Background and objectives: Culture, the conventional method for detection of Neisseria gonorrhoeae, requires invasive sampling and stringent specimen transport conditions. The recently developed ligase chain reaction test (LCR; Abbott Laboratories; North Chicago, IL) allows noninvasive sampling and stable transport conditions, but has not been evaluated with specimens from adolescent populations.
Goal of this study: To perform a comparative evaluation of a commercial LCR test and culture for the diagnosis of N. gonorrhoeae in adolescent women.
Study design: Urine and endocervical swab specimens from 330 teenage women seen in two public health adolescent clinics were tested by LCR and culture. For resolution of discordant results, a polymerase chain reaction (PCR) test was developed that directly amplifies N. gonorrhoeae DNA from urine samples processed for LCR.
Results: Thirty-one of 330 (9.4%) cervical specimens were culture-positive for N. gonorrhoeae, and 30 of 330 (9.1%) urine specimens were positive by LCR. After resolution of 13 discordant results, the sensitivity, specificity, and positive and negative predictive values of LCR for urine were 88.2%, 100%, 100%, 98.7%, respectively, and for culture of endocervical specimens were 82.3%, 98.9%, 90.3% and 98%, respectively.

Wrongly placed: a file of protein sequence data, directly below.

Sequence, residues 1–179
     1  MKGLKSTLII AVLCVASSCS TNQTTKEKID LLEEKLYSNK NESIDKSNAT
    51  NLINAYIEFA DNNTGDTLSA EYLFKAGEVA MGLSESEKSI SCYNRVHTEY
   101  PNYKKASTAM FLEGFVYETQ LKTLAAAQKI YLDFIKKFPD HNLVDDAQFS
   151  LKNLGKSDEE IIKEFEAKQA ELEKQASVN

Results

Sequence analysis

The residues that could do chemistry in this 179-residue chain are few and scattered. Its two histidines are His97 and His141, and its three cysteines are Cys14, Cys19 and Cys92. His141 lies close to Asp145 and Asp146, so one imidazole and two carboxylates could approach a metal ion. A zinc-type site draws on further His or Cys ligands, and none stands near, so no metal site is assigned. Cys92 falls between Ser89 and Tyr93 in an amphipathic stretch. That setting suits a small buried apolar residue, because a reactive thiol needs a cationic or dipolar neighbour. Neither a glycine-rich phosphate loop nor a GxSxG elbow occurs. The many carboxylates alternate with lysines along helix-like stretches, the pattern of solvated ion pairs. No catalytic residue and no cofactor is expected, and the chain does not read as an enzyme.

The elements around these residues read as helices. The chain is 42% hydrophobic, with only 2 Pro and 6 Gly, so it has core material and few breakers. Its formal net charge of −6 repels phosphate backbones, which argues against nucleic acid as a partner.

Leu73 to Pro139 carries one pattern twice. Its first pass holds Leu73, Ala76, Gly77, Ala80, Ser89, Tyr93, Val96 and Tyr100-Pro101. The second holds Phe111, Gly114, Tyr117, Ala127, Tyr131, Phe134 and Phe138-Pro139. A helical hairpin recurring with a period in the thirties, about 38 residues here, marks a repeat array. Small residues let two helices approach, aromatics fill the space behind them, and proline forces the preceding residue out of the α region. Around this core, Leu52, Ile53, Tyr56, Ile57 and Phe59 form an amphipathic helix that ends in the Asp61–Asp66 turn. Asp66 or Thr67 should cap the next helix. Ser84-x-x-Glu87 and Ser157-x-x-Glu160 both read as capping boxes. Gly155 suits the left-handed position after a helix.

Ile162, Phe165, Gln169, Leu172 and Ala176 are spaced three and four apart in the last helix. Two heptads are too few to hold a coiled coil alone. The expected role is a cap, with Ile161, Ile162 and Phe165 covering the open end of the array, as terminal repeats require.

Conclusions: Although more expensive than culture, LCR offers a sensitive means for the detection of N. gonorrhoeae in urine samples and may be useful for this purpose in settings where pelvic examinations are difficult to perform and simultaneous detection of N. gonorrhoeae and Chlamydia trachomatis is advantageous.